Historical Crop Circles, Before People Knew What ‘Crop Circles’ Were
With the spread of crop circle and UFO phenomena through modern mass media, many find it easy to dismiss crop circles as hoaxes. Everyone knows what they are, and so what if someone goes out in a field with a mower to get some attention or play a prank?
When Queen Elizabeth put a crop circle book on her summer reading list in 1989, there was a particular surge of interest and also talk of hoaxing.
But crop circles aren’t a modern fad.
Reports throughout history, before the term “crop circle” buzzed through the world, seem to refer to phenomena much like those observed today. It doesn’t mean that there aren’t ordinary explanations for those historical crop circles as well as today’s. It simply means people have been surprised and perplexed by crop circles for centuries. Some of the explanations given in historical accounts suggest natural causes, though some allude to supernatural causes.
‘The Mowing Devil’
In 1678, a news pamphlet titled “The Mowing Devil: Or, Strange News Out of Hertfordshire,” described a crop circle in Hertfordshire, England. The report was republished by Hertfordshire folklorist W.B. Gerish in 1913, and it reads:
“Being a true relation of a farmer, who bargaining with a poor mower about the cutting down three half acres of oats: Upon the mower’s asking too much, the farmer swore that the devil should mow it rather than he. And so it fell out, that very night, the crop of oat shew’d as if it had been all of a flame; but the next morning appear’d so neatly mow’d by the devil or some infernal spirit, that no mortal man was able to do the like.”
The farmer seems to have seen a bright light, like fire, in his field the night the crop was mysteriously mowed. The report goes on to state that the farmer was too scared to go collect the mowed oats.
Crop Circles Caused by Storms?
In the July 29, 1880 edition of the journal Nature, John Rand Capron published an article titled “Storm Effects,” that described crop circles in detail.
Part of his description reads: “These all presented much the same character, viz., a few standing stalks as a centre, some prostrate stalks with their heads arranged pretty evenly in a direction forming a circle round the centre, and outside these a circular wall of stalks which had not suffered.”
He wondered if these were caused by “cyclonic wind action.” He noted, “The storms about this part of Surrey have been lately local and violent.”
Improved Fertility in Crop Circles
In 1686, Oxford University professor of chemistry Robert Plot wrote of geometric shapes in fields in “A Natural History of Stafforshire.”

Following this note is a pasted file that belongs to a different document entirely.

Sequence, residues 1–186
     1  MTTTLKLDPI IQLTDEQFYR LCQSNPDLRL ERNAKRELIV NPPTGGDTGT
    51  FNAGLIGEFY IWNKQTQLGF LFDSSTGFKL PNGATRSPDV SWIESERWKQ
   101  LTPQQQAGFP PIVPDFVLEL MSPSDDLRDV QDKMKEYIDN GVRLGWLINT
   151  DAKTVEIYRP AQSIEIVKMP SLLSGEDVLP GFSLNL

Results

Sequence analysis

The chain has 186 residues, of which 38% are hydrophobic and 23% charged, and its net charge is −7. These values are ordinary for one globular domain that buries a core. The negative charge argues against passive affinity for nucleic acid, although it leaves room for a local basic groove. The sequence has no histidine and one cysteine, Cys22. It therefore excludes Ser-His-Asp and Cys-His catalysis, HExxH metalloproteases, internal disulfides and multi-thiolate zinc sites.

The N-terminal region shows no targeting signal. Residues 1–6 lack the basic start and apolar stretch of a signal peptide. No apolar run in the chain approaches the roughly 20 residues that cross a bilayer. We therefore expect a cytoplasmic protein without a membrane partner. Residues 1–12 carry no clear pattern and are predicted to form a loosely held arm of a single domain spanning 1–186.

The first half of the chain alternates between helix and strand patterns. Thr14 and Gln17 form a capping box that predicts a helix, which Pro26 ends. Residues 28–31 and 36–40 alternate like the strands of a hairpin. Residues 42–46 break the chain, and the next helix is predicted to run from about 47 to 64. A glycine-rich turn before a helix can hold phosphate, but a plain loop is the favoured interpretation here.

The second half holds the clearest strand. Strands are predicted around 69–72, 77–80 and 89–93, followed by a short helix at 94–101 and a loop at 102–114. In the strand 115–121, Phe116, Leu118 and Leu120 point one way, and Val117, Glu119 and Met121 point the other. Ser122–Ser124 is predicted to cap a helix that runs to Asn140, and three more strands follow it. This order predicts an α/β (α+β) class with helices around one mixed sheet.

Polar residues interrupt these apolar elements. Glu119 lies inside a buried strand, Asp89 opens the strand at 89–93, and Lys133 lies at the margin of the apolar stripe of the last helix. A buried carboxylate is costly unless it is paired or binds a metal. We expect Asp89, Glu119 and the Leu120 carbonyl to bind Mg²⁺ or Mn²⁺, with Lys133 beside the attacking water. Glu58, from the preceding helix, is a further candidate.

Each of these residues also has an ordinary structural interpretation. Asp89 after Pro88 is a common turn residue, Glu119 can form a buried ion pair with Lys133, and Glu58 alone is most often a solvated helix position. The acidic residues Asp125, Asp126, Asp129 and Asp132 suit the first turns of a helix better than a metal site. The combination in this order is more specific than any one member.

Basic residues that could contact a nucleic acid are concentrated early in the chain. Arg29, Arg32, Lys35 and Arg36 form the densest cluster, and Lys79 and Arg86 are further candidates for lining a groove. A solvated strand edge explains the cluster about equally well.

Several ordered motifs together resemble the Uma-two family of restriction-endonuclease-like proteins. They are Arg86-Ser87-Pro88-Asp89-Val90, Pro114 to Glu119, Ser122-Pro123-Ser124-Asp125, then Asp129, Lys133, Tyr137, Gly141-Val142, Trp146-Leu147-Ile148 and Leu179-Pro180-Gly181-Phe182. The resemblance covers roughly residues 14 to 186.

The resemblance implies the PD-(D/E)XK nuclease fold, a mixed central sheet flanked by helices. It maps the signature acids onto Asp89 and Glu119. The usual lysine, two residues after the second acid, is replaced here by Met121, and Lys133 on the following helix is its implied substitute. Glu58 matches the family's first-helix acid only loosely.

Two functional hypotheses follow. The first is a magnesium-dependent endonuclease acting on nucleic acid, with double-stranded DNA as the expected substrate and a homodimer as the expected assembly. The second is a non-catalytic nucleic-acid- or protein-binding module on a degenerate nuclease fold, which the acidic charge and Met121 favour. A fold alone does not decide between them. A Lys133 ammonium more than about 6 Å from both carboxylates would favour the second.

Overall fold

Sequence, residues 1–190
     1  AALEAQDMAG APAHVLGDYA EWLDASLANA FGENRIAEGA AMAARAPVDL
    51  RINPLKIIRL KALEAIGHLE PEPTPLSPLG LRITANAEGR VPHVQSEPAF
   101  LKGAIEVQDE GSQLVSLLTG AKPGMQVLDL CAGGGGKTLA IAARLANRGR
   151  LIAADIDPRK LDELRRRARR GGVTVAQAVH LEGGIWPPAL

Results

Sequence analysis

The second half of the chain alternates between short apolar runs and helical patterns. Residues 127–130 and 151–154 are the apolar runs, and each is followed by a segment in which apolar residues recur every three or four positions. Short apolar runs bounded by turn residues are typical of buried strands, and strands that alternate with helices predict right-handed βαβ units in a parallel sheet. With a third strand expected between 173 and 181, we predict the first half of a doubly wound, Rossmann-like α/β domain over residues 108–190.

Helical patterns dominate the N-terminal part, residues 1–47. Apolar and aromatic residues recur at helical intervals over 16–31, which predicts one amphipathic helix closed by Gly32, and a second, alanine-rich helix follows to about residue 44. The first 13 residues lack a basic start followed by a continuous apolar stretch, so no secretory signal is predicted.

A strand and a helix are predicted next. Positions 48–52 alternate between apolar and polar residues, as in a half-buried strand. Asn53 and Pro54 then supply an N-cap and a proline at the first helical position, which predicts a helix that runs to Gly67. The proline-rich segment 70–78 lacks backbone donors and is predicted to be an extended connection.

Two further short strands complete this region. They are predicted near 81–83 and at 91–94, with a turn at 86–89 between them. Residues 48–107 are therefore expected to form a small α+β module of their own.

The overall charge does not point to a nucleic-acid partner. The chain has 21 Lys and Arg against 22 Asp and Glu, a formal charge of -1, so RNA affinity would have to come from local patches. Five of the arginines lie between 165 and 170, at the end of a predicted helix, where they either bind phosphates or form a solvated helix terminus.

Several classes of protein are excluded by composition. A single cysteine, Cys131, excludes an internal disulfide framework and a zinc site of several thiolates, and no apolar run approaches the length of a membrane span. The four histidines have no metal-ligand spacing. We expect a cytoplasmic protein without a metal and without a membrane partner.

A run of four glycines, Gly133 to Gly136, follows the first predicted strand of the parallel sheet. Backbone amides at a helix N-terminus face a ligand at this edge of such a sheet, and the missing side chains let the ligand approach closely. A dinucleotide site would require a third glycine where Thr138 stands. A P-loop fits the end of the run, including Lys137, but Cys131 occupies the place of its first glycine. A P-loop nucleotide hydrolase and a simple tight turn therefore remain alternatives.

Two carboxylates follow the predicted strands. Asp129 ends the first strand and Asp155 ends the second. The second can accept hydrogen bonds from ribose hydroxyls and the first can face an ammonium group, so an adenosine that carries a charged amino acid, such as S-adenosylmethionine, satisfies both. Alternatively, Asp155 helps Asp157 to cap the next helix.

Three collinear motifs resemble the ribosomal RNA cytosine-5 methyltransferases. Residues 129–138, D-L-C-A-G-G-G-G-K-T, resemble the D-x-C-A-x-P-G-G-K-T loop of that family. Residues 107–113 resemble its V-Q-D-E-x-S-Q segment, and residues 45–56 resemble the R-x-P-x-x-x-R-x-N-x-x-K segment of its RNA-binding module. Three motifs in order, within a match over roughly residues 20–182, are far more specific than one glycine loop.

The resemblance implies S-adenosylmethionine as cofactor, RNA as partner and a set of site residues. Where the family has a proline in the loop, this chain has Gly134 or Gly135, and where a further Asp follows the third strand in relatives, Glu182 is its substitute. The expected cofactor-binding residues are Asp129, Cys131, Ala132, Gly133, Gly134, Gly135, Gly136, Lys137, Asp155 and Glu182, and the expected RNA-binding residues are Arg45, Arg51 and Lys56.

He wrote, “the earth underneath having been highly improved with a fat sulpherous matter … ever since it was first stricken, though not exerting its fertilizing quality till some time after.”
Improved fertility is also said to be a characteristic of some crop circles today.
Plot hypothesized that the formations were created by lightning or other forces during thunderstorms. Gary Bobroff, in his book “Crop Circles, Jung, and the Reemergence of the Archetypal Feminine,” noted: “Today, formations continue to be found the night after tremendous thunderstorms—the 2001 Milk Hill formation, consisting of 409 individual circles and spanning 1,000 feet across—being perhaps the finest example of this correlation.”
Some have suggested that Plot was describing what we know today as crop marks, not crop circles. Crop marks appear due to different conditions of the soil, often caused by buried structures. For example, a buried wall or ditch will affect how much water will collect in the soil above, thus affecting the ability of plant life to flourish. This sometimes causes discernable patterns in crops.
Henry VIII’s Court Celebrates Crop Circles With a Dance?
John Leyland, a chronicler of King Henry VIII’s court wrote of traditional English maypole dance: “We go out in the early hours and we learn the patterns that appear on the grass overnight.”
Fairies at Work or Play
Walter Evans-Wentz gathered Celtic folklore in his 1911 book “The Fairy Faith in Celtic Countries.” Bobroff noted that many of the collected descriptions of rings in the grass clearly relate to mushrooms that grow in ring formations and have long been known as “fairy rings.” But some seem to relate to crop circles, as they clearly describe a flattening of crops.
For example, Evans-Wentz wrote: “Sometimes the fairies helped human beings with their work, coming in at night to finish spinning or … thresh a farmer’s corn or fan his grain.”
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